Hogan bus plan means worse service
The Sun reported on the Central Maryland Transportation Alliance’s criticism of the Maryland Transit Administration’s latest proposal for overhauling bus service in metropolitan Baltimore (“Transportation alliance critical of MTA’s plan to overhaul bus routes,” Sept 22). The article quoted Hogan administration spokesman Doug Mayer as calling the report “complete nonsense” and “extremely biased at best.”
The Transportation Alliance can defend itself, but it is not nonsense to criticize the plan, which in many instances makes the bus service less efficient and less reliable for MTA customers.
Trips of less than two miles, which can now be traveled by one bus, will require a transfer. For example, MTA plans to cancel the No. 3 line along East 33rd Street. That means that to go south from the heavily used transportation hub at Greenmount Avenue and 33rd Street to Penn Station, the Maryland State Office Complex or the Enoch Pratt Central Library would require taking two buses rather than one. The same is true for those going north to Morgan State University or Good Samaritan Hospital. Happy transferring, and good luck getting to classes on time, Morgan State students!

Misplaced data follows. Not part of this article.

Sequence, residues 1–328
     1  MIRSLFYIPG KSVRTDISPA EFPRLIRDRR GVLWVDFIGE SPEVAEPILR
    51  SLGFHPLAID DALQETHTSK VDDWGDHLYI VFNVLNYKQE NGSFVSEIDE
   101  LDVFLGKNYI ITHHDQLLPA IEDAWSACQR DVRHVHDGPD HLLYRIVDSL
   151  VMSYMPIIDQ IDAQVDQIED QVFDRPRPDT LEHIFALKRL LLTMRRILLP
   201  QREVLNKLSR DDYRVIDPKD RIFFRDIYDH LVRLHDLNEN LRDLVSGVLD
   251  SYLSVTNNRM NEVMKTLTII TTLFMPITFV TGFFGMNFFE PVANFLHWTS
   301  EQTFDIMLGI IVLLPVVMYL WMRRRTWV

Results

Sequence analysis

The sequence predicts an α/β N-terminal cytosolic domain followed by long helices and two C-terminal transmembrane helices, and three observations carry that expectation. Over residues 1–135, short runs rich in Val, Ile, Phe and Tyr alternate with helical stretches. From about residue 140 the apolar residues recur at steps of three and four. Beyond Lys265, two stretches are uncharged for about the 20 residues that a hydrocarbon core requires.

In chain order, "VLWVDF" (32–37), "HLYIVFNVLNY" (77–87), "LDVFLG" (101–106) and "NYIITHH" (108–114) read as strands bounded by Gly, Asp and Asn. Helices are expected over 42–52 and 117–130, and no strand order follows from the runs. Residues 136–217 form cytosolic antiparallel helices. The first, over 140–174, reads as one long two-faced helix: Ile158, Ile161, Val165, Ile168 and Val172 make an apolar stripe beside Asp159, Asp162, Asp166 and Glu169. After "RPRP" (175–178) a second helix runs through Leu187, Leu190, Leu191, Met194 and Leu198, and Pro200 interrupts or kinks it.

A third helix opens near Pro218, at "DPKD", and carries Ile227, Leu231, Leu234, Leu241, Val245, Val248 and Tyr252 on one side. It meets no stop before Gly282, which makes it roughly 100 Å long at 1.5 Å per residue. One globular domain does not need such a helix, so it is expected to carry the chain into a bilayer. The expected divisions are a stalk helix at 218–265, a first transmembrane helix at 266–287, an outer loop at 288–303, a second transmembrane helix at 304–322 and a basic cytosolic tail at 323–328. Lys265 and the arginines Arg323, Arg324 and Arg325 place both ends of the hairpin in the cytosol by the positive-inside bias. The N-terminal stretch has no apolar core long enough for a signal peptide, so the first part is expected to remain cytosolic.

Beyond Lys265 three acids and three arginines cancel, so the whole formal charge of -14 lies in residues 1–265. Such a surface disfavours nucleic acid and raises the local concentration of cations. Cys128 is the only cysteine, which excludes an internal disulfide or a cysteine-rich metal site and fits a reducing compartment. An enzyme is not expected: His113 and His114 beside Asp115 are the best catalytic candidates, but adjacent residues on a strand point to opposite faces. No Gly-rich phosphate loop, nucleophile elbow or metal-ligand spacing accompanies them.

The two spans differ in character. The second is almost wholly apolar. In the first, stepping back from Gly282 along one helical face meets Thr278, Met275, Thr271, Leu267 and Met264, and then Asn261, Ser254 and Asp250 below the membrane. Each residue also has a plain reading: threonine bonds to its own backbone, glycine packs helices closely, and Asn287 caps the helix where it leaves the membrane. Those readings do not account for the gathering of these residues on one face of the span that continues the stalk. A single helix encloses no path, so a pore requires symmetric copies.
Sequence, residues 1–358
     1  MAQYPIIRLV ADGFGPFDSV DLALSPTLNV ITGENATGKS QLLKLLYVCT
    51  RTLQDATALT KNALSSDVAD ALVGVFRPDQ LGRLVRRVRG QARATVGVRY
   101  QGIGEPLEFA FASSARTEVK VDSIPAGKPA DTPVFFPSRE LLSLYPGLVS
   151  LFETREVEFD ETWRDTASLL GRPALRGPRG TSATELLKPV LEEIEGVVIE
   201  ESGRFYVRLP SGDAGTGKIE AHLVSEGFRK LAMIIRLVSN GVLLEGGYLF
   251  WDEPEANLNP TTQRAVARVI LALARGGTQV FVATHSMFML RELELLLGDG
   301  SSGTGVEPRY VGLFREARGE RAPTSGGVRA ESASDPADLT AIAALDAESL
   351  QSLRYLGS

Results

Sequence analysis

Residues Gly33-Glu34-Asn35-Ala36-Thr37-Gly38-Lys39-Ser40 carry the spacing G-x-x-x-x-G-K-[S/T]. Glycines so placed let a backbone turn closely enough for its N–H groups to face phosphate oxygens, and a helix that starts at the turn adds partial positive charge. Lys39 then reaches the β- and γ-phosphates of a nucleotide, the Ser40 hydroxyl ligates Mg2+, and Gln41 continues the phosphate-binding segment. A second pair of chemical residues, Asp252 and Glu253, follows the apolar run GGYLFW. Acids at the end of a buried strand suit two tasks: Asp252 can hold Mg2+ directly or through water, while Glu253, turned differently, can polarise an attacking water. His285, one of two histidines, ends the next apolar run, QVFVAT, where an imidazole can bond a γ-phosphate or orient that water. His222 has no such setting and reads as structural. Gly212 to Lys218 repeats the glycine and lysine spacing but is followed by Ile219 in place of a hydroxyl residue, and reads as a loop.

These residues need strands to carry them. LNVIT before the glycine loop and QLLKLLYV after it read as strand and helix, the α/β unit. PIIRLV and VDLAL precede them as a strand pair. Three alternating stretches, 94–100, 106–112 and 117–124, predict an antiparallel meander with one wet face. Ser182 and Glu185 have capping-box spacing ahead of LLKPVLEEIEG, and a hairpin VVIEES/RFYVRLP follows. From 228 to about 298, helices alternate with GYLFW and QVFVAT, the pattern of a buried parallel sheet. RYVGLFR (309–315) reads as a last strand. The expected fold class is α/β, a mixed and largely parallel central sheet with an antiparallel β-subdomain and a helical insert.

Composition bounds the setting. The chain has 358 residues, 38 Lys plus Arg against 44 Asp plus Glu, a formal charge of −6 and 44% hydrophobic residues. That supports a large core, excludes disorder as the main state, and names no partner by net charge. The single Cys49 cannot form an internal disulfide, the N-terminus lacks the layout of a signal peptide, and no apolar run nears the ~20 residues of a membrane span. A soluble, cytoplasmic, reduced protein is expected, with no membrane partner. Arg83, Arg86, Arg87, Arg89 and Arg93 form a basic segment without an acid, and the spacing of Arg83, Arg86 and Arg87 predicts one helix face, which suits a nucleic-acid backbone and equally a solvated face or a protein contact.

There are other routes MTA wants to cancel or reconfigure. There are routes that will have times between buses lengthened.
The Baltimore Metropolitan Region — or any region in Maryland — will not have adequate public transportation until Maryland adequately funds public transportation. Trying to expand the current system without expanded funding only creates new underserved areas. Until the governor, the General Assembly and the public recognize this, we’re just playing around with colored lines on a map.